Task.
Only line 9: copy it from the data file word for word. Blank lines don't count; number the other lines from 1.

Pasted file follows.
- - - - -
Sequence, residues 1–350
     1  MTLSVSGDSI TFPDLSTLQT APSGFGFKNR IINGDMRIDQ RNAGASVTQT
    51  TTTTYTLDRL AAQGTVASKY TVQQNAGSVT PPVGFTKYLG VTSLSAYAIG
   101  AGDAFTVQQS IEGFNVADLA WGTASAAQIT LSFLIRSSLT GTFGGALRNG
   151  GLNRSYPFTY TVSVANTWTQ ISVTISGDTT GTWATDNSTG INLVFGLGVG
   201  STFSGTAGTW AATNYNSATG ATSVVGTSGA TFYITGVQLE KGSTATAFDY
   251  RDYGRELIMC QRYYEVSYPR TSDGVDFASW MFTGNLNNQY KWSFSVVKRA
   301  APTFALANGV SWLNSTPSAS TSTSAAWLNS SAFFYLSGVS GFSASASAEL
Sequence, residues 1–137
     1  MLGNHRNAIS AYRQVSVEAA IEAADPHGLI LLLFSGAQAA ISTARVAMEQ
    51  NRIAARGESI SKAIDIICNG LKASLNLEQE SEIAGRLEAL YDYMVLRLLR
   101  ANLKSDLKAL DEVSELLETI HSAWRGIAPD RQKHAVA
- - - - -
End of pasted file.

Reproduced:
Sequence, residues 1–137